During the years he was working on the poem, Williams suffered several strokes, the most serious of which in 1952 paralyzed one side of his body. He wrote the poem over the next few years, slowly typing it using one finger, on his non-dominant hand. Its halting yet graceful syntax seems inseparable from that physical fact, as is the retrospective inclination of the speaker. “Asphodel” is full of many ideas and impulses, not the least of which is to apologize to his wife for a life of at least mental if not actual philandering. But truly, from the very beginning, the main engine of the poem is a relentless, gorgeous syntax, moving the mind down the page.
The first long poems I wrote were based on a process of collage and reclamation. I would take a notebook and write in it at a certain time every day, usually just ten lines very quickly, in order for at least a few moments to access some hidden and buried part of my consciousness. Then, after several weeks, I would stop and begin to assemble the poem by selecting one or more lines from each day’s writing. I would end up with a long piece of writing, not a poem at all, that seemed like a total incoherent mess, because it was. But if I stared at it long enough, certain resonances and connections would start to emerge, and I would carve those out of the poem, and write into them. Some of those poems were radically shortened, but occasionally a longer poem would result.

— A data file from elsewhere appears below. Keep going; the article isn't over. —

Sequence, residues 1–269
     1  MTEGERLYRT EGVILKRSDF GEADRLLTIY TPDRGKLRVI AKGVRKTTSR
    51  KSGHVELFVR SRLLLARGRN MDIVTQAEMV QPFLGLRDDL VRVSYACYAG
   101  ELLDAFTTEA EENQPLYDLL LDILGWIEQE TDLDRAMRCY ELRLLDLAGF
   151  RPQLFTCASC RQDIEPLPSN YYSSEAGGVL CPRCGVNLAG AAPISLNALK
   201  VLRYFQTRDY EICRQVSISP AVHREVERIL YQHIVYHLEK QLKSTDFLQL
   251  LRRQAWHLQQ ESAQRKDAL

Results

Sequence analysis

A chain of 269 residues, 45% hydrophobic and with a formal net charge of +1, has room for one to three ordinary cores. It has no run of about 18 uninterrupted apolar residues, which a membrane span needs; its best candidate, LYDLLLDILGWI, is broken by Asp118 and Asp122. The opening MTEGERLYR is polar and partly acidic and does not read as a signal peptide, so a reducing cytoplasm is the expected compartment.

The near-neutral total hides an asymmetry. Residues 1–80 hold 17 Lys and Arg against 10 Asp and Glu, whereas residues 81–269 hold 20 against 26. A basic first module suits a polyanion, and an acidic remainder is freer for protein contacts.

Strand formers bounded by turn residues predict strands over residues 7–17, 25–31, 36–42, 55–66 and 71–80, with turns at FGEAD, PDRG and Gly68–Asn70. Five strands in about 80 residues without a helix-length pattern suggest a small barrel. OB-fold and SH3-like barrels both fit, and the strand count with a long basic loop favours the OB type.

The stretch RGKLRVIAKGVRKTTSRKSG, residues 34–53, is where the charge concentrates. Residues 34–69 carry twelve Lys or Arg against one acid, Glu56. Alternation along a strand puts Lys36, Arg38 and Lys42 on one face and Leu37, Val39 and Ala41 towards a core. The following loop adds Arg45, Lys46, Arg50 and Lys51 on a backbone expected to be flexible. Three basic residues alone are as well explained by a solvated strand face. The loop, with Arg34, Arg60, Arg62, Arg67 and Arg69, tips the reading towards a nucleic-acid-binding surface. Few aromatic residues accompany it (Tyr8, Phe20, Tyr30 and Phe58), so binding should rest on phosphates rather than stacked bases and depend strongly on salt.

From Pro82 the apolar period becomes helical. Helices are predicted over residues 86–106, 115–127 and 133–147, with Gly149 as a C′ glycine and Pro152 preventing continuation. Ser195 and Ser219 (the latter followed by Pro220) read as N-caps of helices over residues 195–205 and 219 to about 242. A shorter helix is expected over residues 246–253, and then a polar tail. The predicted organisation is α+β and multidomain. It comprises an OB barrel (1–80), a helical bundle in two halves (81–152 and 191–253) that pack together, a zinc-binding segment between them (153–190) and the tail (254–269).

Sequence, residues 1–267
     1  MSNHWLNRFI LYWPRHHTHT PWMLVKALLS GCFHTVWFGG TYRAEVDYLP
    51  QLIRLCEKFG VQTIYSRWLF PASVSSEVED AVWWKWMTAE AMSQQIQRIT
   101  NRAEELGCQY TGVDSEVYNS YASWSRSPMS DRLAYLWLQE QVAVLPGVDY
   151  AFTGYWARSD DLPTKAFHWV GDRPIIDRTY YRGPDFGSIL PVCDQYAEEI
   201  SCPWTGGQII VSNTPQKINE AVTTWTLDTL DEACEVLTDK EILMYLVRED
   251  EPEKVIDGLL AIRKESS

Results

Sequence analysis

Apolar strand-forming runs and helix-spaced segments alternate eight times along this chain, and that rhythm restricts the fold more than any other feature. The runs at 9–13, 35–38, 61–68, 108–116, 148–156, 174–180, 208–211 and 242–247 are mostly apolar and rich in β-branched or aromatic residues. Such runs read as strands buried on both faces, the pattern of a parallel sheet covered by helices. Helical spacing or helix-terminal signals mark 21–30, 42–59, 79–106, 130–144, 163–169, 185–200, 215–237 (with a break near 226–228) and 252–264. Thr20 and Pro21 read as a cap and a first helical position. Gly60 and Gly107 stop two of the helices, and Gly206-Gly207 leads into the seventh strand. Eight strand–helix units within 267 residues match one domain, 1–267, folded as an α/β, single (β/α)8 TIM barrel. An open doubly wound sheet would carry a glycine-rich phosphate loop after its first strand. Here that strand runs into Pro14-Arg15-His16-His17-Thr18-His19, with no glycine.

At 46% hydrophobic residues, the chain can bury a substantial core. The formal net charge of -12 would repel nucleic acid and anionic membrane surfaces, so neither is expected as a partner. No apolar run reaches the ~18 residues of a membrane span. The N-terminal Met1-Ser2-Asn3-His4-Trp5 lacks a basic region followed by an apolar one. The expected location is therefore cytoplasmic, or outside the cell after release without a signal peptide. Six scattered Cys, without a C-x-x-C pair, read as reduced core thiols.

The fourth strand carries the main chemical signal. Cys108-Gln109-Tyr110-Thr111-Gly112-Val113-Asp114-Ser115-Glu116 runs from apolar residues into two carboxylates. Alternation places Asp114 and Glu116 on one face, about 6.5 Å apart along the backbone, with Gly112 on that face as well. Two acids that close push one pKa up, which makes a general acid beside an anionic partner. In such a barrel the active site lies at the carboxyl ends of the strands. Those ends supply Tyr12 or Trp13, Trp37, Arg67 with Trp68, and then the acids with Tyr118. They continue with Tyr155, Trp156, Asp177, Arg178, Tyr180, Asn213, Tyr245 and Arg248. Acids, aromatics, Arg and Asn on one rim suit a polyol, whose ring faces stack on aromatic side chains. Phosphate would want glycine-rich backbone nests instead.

I also got into the habit of stopping every year or so and taking failed poems–of which there were always oh so many–and doing the same thing with them, just putting them all together and then trying to see what was there. My goal in both of these processes was to make the end result seem organic, as if it had been written in one sustained act of thinking and dreaming.
The one exception to this process was the title poem of my 2010 book, Come on All You Ghosts. In Fall 2008, I was flying every week back and forth between Houston, where I was teaching, and San Francisco, where I had just moved. After so much time in airports and rental cars, never being in any one place for longer than three or four days, the whole season began to take on a hallucinatory quality. Sometime in November, I remember a phrase started to come to me at odd times. At first I thought it might be a song lyric, or maybe something from someone else’s poem, and I Googled it in order to discover its origin, but apparently it had come from somewhere deep in my own mind.